Audi celebrates the 150th birthday of its Neckarsulm plant by resto-modding an NSU Prinz.
Audi’s Neckarsulm production plant has recently celebrated its 150th birthday. And in order to mark this momentous milestone, the German automaker showcased an electrified revival of a car that was once built at this manufacturing facility. Though those who are perhaps more observant might already notice that this EP4 concept doesn’t actually bear four rings on its nose, or even actually look like any Audi at all.
So what is going on then? Well, as the NSU badge on its nose can attest, the Audi EP4 is not in fact an Audi at all, but instead an electrified revival of NSU’s Prinz 4. In fact, the EP4 name breaks down to the “E” standing for electric drive, with the “P4” for the NSU Prinz 4.
But why is Audi building an NSU to celebrate the 150th birthday of its factory? Well, the reason to that is for the plant to originally be NSU’s headquarters, before Volkswagen bought the company over and fused it with Auto Union to form Audi in 1969. NSU denotes Neckarsulm after all too. So it therefore does make somewhat reasonable sense for an electrified Prinz revival to be marking this occasion.
And it is an actual Prinz that Audi has used for its base of the EP4 too. A 1971 Prinz 4 that originally rolled off the Neckarsulm plant was dragged out of its decades-long abandonment and after over 6 months of hard work by 12 apprentices working at the four ringed automaker, was finally transformed to this retro-futuristic sporty saloon presented here.
Said transformation of the Prinz first began with fixing the bodywork. Rust spots that dotted this 50+ year old classic was first fixed, then a big hole was presumably cut into its floor such that a modified floor pan from an Audi A1 could be fitted underneath. The original NSU fenders were subsequently replaced with wider 3D-printed versions too, in order to not just accept the wider modern wheels tucked underneath it, but also to give this EP4 a more muscular exterior aesthetic.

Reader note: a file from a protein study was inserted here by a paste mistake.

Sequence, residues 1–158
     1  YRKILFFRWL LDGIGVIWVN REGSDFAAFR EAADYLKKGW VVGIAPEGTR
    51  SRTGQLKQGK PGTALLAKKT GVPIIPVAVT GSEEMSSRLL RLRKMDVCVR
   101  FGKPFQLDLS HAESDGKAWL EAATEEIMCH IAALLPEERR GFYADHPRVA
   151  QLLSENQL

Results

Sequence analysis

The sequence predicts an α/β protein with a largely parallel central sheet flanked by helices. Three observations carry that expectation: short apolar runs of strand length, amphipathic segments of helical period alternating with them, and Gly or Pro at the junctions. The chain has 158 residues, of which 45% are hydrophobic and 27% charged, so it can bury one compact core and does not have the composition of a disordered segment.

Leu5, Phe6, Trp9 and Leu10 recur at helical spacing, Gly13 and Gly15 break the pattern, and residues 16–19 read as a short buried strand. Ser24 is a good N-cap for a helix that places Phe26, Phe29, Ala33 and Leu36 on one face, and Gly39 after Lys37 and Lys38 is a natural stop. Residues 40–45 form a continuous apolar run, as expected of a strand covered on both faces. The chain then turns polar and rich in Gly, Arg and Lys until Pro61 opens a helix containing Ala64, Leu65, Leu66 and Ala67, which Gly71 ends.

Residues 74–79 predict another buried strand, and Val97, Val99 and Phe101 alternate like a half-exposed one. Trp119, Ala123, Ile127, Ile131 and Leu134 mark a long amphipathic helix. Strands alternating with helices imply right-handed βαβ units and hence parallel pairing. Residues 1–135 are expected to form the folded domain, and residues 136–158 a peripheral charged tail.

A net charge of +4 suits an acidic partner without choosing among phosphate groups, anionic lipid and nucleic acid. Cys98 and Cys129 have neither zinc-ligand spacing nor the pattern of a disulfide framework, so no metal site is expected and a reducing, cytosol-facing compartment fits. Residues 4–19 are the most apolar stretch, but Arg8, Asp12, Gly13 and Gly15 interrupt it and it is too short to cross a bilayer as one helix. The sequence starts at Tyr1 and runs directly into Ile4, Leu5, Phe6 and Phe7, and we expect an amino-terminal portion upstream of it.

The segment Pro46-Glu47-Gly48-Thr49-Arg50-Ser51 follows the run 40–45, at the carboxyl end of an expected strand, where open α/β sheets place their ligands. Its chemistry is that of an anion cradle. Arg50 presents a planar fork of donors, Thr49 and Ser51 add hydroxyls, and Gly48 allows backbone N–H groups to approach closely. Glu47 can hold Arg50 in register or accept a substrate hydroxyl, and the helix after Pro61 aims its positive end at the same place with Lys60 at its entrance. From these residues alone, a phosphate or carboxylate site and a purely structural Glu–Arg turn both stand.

The A1 base was deemed a necessity to be stuffed under the Prinz because the 240 hp Audi e-tron electric motor fitted to the EP4 outputs about 12x the power as the two-cylinder that came originally with this NSU. A plug-in hybrid Audi Q7 TFSI e quattro meanwhile has donated its battery pack for use in this project, and is mounted under the front hood where the fuel tank once was.
More interestingly though about the carbon fibre bonnet is for it to feature a massive opening, which in tandem with the wide air intake at the bottom of the front bumper allow heat from the battery to be vented through. Heat generated from the rear-mounted motor on the other hand is vented through the tailgate, which can be fixed half open in an apparent homage to the sportier NSU Prinz 1000. And just continuing on the subject of the EP4’s rump for a little bit more, its massive rear wing is actually not attached to the body, but instead to its Signal Yellow-painted roll cage, with its supports going right through the rear window.
Moving on inside now, the EP4 features a typically spartan racing car-spec cabin. A single-board computer and sole corresponding screen serves as its instruments and displays, while its occupants are stuffed snuggly into Recaro Podium bucket seats.
Resplendent in its Audi Suzuka Grey and Brilliant Black two-tone paint job, this electrified Prinz is unfortunately to be nothing more than a one-off future museum exhibit built to celebrate 150 years of the Neckarsulm plant. Given though that Audi Sport is also currently based in said site, there might be hope yet for some of its engineers to perhaps infuse some of the EP4’s rather endearing charm into its future sporty products.